For the rest of us, hopefully a clear insight as to how the American economy is heading and we suspect, that whilst a 0.25% rate cut is almost a given, the FED Chair is likely to suggest that the FED will intervene when necessary with monetary easing but perhaps suggesting that time is not quite upon us. The FED knows that any sharper than expected cuts will lead to its European partners being even more aggressive and therefore negate the benefit of such a move.
One thing we can all be confident of is that we are now facing an environment of lower interest rates which should prove positive for gold and silver, but we have to bear in mind, that the reason for those lower rates, will be falling global demand, and therefore lower silver usage for industrial purposes. However, if we find that trade is not as adversely affected as many fear and that a deal with China can be achieved, then silver demand for Industrial purposes may indeed not be so adversely affected and especially if governments around the world increase public spending on infrastructure as a number have indicated that they will do.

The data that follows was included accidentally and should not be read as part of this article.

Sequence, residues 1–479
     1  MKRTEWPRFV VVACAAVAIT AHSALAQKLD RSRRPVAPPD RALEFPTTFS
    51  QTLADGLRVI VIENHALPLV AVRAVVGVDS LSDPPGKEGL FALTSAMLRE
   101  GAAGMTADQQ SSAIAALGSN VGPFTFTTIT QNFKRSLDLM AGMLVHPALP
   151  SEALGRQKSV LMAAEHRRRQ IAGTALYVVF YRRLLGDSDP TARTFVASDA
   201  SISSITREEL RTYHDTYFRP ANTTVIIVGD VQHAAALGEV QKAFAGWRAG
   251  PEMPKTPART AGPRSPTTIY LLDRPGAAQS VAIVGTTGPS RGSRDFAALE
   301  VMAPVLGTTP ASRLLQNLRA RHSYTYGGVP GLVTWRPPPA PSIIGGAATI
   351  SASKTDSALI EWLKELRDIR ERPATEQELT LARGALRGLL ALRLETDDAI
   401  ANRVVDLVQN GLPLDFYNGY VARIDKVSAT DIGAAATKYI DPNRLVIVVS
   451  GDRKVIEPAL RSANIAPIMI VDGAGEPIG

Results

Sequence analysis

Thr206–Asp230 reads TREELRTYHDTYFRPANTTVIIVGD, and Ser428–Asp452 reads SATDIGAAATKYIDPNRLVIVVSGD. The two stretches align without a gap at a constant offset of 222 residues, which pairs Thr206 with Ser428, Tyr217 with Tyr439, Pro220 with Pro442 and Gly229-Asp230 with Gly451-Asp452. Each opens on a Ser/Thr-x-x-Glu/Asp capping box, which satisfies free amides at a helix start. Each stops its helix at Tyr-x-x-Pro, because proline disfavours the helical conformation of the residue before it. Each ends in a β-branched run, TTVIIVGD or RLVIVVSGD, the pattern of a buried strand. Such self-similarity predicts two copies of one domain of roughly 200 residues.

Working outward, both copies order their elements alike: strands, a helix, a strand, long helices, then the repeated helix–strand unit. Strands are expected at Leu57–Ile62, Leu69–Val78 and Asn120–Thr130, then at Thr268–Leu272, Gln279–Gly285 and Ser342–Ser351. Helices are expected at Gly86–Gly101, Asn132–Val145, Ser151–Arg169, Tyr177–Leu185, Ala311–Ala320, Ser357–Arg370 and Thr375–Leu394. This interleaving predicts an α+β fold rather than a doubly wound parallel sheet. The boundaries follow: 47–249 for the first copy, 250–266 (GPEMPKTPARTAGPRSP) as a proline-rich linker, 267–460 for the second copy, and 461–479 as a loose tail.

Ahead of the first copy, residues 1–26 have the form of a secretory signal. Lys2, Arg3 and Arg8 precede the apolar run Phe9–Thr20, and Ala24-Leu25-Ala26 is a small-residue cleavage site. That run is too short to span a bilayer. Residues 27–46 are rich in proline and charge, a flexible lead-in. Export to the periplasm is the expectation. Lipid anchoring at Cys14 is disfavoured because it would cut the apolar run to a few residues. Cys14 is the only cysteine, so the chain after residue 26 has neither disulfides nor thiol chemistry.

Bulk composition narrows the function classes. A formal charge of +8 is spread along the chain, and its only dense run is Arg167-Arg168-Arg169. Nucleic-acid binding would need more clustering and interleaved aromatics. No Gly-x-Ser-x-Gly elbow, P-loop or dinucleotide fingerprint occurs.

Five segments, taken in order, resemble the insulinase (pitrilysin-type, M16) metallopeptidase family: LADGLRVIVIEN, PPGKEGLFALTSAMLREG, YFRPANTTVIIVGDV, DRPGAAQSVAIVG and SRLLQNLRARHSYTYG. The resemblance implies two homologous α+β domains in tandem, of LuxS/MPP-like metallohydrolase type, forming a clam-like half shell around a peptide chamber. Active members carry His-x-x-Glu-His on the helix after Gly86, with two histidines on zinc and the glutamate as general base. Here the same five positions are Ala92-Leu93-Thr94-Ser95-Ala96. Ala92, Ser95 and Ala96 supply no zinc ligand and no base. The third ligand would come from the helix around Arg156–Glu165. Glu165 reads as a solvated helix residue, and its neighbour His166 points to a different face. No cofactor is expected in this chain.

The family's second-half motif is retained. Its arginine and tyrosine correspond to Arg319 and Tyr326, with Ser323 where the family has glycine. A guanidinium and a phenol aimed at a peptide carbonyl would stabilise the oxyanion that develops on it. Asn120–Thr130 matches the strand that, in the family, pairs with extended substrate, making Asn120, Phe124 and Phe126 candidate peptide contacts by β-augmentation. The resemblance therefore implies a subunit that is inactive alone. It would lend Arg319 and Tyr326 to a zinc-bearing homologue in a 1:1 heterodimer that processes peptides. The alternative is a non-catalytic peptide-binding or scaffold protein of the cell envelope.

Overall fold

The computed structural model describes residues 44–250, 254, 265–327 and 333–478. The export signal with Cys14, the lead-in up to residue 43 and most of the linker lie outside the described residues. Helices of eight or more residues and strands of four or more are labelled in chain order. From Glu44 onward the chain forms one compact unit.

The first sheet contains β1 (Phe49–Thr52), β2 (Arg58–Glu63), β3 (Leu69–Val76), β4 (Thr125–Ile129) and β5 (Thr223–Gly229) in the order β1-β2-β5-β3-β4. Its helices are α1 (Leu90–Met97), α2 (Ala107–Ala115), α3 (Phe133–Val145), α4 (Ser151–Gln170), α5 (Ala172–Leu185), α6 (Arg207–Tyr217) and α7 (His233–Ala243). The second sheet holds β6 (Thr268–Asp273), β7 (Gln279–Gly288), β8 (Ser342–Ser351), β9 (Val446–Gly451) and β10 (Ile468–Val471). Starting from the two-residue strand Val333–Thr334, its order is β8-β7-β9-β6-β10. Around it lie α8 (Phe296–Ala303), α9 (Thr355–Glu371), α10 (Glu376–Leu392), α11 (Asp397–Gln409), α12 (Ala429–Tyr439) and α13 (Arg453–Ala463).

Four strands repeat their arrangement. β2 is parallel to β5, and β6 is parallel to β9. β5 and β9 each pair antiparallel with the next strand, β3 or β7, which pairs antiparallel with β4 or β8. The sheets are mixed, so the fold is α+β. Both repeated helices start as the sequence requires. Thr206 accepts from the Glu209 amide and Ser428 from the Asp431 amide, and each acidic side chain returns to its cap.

We also have to remember that stock markets also love low interest rate environments (except, as we stated last week, the banking sector of course), and this is an alternative location for investors to place their capital.
So next week we should see some movement in gold and silver prices. Anticipation of the FEDs announcement, on Monday and Tuesday – The actual announcement on Wednesday and then the publication of payroll data on Friday.
The dollar index is already quite high and depending on what the FED does and what Jerome Powell says will affect that index. If we only see a 0.25% cut and a let’s wait and see commentary, we could see the dollar strengthen further. If, however we have a 0.5% cut and or a very dovish FED commentary then the dollar index will fall, and gold and silver prices become the beneficiary.
Our view is that a path between the two will occur – a 0.25% cut plus a wait and see but willing to help the economy when needed statement given and perhaps a side reference to future cuts ahead. Its important for the Fed and Jerome Powell’s own future to keep the stock market rising, the wheels of commerce turning and the warm glow of support from a President whose catchphrase is “You’re Fired”.
“ECB Leaves Rates Unchanged but Lower Rates Are Ahead”